Ultra-high-Q microcavities would be mass-produced and integrated by techniques adapted from microelectronics. Submillimeter-sized, transparent, solid, truncated spheres and ellipsoids for use as optical resonators in integrated microphotonic devices would be made by microfabrication techniques like those used in the electronic industry to make integrated circuits, according to a proposal. Such resonators, heretofore denoted generally as "microspheres," have been described in several recent articles in NASA Tech Briefs. In a microsphere, resonance is achieved through glancing-incidence total internal reflection in one or more "whispering-gallery" modes, in which the light propagates in equatorial planes near the surface, with an integer number of wavelengths along a nominal closed circumferential trajectory. If the surface of the resonator is sufficiently smooth and a sufficiently close approximation of a sphere or ellipsoid, then in principle, the resonance quality factor (Q) is limited only by attenuation in the resonator material; for a microsphere made of fused silica, this translates to a potential to obtain Q "e1010.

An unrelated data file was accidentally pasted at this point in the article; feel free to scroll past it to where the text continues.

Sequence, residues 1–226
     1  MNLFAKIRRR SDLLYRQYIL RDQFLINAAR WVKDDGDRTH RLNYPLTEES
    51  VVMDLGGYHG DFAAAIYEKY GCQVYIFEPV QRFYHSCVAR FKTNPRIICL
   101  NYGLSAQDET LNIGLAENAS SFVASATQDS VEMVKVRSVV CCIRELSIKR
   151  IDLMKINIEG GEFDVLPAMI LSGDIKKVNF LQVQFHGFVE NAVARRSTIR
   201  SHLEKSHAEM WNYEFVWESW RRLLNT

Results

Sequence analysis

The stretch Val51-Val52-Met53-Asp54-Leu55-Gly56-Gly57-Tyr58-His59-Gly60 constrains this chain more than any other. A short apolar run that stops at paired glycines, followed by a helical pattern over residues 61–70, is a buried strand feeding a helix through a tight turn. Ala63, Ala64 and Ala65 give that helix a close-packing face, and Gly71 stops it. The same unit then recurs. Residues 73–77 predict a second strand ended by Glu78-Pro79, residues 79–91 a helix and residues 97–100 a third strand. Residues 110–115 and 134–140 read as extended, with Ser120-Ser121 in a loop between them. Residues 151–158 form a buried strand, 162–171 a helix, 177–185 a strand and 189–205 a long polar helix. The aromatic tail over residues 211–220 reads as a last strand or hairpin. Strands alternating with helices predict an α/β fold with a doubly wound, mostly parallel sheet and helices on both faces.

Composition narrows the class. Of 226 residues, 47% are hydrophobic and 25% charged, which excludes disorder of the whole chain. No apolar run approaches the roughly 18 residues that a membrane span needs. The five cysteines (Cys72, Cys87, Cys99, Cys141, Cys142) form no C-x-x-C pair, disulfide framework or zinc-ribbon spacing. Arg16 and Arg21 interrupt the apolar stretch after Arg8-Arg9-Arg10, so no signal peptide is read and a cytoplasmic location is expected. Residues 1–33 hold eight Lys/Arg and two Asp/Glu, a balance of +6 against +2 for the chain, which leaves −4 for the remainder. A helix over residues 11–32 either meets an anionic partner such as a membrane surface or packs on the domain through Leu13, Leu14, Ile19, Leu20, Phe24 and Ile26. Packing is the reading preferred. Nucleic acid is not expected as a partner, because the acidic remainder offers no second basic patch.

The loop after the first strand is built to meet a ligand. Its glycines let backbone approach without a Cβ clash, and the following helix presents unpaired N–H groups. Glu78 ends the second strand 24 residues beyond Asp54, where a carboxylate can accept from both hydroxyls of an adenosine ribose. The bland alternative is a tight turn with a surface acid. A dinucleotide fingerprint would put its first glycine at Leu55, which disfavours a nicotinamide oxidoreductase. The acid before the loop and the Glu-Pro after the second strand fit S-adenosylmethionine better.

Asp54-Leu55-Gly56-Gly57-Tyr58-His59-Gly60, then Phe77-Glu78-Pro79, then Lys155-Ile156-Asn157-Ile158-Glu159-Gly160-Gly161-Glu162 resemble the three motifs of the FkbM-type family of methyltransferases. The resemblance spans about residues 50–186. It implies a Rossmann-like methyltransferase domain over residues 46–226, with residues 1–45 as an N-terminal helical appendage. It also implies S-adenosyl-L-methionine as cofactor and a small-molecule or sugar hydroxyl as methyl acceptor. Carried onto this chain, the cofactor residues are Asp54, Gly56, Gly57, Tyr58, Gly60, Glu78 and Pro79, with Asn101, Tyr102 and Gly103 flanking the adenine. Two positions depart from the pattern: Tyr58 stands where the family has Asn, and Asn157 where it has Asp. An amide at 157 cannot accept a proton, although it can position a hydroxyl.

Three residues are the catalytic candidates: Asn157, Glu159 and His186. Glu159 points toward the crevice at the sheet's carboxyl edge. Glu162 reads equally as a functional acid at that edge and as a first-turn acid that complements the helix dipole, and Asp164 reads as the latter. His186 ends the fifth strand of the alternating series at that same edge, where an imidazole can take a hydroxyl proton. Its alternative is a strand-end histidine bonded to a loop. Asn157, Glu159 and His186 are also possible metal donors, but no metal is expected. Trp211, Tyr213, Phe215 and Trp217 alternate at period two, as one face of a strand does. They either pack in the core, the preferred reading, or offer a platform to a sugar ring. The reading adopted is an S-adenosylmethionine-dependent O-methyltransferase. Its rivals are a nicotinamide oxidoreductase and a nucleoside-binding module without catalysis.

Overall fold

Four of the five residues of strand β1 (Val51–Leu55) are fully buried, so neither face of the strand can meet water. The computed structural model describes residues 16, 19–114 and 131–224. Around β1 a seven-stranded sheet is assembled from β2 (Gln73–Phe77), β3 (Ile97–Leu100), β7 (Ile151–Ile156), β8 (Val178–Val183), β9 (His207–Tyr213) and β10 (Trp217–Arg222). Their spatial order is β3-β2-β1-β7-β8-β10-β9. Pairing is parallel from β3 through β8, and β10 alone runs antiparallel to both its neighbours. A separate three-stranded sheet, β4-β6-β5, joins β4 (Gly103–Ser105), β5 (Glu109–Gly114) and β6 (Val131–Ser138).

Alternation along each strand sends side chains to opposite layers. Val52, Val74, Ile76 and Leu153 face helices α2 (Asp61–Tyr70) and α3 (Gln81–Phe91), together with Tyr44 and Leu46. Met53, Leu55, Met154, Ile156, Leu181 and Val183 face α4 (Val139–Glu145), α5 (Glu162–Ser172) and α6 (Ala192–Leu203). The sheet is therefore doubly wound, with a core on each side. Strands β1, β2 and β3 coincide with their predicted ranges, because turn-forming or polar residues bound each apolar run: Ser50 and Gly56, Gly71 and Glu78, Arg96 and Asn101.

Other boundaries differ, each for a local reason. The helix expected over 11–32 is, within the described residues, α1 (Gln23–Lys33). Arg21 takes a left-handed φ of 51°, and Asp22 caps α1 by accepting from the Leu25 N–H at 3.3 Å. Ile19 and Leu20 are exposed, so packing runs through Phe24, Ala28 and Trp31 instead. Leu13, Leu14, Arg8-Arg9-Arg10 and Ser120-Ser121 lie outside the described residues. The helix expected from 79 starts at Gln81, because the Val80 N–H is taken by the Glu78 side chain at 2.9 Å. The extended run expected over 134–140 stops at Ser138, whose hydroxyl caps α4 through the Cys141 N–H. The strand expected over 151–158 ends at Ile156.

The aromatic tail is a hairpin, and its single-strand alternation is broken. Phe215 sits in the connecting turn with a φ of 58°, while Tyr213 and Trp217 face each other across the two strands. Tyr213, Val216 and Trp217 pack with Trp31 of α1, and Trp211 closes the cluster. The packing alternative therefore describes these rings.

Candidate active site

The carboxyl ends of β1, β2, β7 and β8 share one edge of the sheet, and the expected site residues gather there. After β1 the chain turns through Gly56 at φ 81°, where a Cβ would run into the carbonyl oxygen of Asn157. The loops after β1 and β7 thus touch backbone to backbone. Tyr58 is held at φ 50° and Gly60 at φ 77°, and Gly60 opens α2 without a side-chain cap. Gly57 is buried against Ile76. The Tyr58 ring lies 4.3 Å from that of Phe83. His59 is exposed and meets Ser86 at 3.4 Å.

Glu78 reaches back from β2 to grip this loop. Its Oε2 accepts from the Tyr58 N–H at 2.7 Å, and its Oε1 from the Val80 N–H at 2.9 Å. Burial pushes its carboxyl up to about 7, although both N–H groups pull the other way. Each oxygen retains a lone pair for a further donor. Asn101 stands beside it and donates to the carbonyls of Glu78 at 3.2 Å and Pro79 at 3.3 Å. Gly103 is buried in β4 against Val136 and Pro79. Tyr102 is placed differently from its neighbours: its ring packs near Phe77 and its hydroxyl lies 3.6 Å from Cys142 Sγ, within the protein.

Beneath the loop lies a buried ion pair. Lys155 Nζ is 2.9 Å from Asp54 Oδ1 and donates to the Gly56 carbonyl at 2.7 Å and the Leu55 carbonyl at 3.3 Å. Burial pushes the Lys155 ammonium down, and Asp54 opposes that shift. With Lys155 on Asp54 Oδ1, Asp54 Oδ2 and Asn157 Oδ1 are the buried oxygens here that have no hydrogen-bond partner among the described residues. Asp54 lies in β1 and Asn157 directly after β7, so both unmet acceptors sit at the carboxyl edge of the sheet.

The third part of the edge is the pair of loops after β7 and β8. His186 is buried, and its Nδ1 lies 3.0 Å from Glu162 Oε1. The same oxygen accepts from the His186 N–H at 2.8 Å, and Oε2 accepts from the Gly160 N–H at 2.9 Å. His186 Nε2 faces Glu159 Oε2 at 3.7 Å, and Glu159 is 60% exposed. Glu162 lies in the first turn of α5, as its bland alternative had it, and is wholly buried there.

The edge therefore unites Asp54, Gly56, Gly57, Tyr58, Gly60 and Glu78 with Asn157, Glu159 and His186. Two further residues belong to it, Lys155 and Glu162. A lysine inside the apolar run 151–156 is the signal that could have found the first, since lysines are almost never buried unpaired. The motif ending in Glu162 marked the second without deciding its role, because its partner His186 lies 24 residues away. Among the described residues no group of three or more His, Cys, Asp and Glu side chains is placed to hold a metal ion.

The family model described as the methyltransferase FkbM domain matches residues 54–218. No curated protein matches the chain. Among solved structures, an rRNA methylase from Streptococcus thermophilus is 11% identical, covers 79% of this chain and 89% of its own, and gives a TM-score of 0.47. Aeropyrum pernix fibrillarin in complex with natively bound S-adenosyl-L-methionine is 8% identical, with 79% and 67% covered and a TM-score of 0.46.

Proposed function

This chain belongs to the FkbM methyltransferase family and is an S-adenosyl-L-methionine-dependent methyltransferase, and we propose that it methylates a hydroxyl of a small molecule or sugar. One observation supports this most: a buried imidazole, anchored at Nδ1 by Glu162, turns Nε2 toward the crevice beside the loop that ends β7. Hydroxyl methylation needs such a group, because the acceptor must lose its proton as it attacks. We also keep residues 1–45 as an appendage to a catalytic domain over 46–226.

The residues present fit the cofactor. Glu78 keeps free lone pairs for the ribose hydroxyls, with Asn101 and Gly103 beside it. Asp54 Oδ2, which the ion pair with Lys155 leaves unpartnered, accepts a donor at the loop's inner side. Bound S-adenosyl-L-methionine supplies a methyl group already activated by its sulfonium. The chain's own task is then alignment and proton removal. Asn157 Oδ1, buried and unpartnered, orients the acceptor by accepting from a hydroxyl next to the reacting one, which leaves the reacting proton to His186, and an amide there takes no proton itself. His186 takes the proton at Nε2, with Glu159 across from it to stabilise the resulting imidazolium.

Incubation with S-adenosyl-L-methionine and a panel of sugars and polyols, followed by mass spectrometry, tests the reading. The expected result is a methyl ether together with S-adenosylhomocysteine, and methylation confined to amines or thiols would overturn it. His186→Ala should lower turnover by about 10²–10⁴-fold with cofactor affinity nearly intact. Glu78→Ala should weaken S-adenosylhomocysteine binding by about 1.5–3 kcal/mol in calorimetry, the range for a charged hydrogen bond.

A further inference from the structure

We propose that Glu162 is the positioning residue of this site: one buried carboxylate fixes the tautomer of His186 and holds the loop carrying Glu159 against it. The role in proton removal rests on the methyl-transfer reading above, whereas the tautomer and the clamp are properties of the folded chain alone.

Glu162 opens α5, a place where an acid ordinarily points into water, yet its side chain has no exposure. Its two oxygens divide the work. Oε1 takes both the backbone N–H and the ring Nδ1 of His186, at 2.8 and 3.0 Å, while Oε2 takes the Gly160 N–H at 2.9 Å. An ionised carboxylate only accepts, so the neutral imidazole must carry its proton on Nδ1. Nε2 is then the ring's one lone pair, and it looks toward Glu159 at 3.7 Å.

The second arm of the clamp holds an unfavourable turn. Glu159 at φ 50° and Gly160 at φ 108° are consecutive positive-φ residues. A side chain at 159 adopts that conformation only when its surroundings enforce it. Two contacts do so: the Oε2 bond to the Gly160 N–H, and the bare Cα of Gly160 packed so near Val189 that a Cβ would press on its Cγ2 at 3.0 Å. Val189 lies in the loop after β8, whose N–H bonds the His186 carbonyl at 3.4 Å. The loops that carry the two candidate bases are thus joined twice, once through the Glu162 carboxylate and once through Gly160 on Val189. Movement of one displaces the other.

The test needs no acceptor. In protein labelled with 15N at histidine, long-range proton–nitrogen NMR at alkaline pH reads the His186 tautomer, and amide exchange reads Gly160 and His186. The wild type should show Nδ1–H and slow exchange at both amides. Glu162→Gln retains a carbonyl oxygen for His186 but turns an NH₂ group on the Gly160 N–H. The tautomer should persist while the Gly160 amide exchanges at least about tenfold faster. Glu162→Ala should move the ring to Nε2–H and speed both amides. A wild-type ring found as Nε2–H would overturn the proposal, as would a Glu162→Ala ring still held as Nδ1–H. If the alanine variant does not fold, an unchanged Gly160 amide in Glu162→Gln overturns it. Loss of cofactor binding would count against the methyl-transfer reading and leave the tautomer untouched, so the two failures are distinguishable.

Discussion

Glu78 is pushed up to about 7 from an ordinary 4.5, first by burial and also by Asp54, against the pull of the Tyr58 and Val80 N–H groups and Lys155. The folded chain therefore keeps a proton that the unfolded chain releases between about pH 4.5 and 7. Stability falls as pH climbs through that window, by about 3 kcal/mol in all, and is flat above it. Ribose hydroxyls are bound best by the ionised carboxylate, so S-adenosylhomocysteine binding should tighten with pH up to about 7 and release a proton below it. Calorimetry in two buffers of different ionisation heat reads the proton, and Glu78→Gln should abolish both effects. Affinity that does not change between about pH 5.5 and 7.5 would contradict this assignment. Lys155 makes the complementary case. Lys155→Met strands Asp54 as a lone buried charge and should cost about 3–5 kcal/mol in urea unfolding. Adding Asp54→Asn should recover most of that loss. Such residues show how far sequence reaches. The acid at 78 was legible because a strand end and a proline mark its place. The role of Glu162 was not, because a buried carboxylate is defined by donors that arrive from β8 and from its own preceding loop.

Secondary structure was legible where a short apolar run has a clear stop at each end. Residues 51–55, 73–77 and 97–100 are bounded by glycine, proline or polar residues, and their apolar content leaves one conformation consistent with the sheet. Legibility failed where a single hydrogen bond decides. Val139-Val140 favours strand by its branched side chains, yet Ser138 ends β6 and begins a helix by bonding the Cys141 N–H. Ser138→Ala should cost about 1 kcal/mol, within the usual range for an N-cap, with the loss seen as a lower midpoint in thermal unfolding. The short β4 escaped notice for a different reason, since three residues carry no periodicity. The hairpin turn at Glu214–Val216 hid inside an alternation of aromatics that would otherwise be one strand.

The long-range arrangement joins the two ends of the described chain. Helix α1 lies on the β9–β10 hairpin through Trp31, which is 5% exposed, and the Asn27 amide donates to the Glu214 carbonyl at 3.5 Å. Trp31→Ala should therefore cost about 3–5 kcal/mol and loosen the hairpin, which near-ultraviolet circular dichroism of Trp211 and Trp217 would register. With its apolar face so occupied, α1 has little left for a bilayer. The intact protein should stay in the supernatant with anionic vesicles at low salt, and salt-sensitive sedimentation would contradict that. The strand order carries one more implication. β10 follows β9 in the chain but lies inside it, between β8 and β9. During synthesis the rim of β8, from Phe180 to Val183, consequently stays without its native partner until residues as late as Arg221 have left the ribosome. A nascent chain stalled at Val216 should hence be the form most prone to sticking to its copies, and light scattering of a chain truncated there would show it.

Posted in: Briefs, TSP, Physical Sciences

Read More >>

Software To Detect Malfunctions in Anesthesia Equipment